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“Don’t Say Gay” expansion bill heard in committee


Rep. Mac Butler (R-Rainbow City) introduced a bill in a House committee Wednesday that would extend the state's current “Don't Tell Me I'm Gay” law to 12th graders.

Current law prohibits teachers from leading or leading discussions about sexual orientation or gender identity until fifth grade.

Butler brought HB130 and received input from the anti-LGBTQ group Moms for Liberty to extend the ban to the entire high school.

“We just want schools to focus on reading, writing and math, but that's not the case. There's some indoctrination going on,” Butler said. “If you pay attention and watch the news…it's happening everywhere, and it's an element of Marxism, destroying families, teaching some of these things. Doing it in places other than schools. Please let me wake up.”

ALGOP Chairman John Wall appeared at the hearing and gave the bill his stamp of approval.

“I think this bill is a common sense bill,” Wahl said. “The fundamentals of public education is that it should be free from any political or social agenda…We know that exists on both sides. In our culture There are regions where there are books influenced by socialist policies and books influenced by conservative policies.

Resident Jordan Price said the bill is “part of a clear and proud mission to erase gay people from Alabama's history and current story,” but the bill unintentionally He also said that the limit was far exceeded.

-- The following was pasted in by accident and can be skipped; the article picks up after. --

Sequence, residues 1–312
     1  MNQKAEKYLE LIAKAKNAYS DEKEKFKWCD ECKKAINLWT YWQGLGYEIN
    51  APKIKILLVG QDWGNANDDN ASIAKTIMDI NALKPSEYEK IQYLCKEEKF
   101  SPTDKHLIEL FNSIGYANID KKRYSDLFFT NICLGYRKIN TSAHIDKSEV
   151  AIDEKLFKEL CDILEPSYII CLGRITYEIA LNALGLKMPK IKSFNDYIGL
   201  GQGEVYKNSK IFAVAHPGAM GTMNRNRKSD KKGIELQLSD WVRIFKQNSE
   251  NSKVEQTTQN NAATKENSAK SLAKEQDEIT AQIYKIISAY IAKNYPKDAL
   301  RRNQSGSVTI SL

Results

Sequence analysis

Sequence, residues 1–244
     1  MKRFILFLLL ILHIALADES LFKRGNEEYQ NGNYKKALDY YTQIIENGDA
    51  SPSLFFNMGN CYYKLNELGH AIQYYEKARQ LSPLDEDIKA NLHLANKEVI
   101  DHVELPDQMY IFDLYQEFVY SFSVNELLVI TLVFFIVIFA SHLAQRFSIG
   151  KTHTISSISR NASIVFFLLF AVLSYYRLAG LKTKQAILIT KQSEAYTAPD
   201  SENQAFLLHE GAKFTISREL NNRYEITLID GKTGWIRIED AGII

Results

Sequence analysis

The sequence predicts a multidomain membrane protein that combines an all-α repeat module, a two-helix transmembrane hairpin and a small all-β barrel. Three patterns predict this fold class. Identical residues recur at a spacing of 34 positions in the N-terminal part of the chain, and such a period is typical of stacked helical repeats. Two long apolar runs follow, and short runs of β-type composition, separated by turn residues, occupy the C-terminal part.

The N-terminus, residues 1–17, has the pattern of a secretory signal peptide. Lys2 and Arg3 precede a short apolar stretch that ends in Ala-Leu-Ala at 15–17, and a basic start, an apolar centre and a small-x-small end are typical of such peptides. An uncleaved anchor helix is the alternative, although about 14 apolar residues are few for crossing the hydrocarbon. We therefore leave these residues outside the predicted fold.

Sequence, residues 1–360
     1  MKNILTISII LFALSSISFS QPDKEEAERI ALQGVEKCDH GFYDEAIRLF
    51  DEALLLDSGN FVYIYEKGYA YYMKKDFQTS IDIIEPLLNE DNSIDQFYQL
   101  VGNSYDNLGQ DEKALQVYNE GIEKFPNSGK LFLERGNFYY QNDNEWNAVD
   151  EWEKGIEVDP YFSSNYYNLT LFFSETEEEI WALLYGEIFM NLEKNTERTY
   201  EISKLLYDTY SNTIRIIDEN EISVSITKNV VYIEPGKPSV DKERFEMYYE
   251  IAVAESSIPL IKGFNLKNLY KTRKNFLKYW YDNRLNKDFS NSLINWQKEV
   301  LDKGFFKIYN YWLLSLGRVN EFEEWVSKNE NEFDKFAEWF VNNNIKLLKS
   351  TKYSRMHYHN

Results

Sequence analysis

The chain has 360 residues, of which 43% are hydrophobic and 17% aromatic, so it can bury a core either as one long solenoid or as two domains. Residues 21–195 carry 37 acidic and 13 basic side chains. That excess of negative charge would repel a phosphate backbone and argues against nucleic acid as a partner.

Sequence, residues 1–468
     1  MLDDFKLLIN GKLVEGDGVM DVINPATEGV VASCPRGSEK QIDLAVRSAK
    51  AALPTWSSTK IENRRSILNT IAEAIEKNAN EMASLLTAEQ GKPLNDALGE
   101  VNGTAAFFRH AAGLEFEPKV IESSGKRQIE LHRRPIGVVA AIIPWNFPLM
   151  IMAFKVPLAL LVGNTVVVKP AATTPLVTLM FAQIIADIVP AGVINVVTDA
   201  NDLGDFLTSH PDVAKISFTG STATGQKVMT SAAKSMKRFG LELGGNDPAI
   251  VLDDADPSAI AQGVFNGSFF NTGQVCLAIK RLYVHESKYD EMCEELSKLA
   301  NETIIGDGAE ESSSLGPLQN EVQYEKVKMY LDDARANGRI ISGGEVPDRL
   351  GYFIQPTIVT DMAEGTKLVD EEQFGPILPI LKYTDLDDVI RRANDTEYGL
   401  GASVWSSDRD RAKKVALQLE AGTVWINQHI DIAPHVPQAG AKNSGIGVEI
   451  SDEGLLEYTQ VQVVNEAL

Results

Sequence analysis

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“Queer people aren't the only ones with a gender identity or sexual orientation,” Price said. “If this bill passes, it would be illegal to teach that Michelle Obama is married to Barack Obama and that she is a former first lady. could not be mentioned because it would expose her sexual orientation, it would expose her as First Lady, it would expose her gender identity. .”

Rep. Barbara Drummond, D-Mobile, asked Butler how this would apply to students who receive public funds through the CHOOSE Act, which at this point was being prepared for passage in the Senate.

“That's a good point,” Butler replied.

The CHOOSE Act, which Gov. Kay Ivey plans to enact this week, does not interfere with private school curriculums, even though it provides students with $7,000 in funding per student, similar to public school students.



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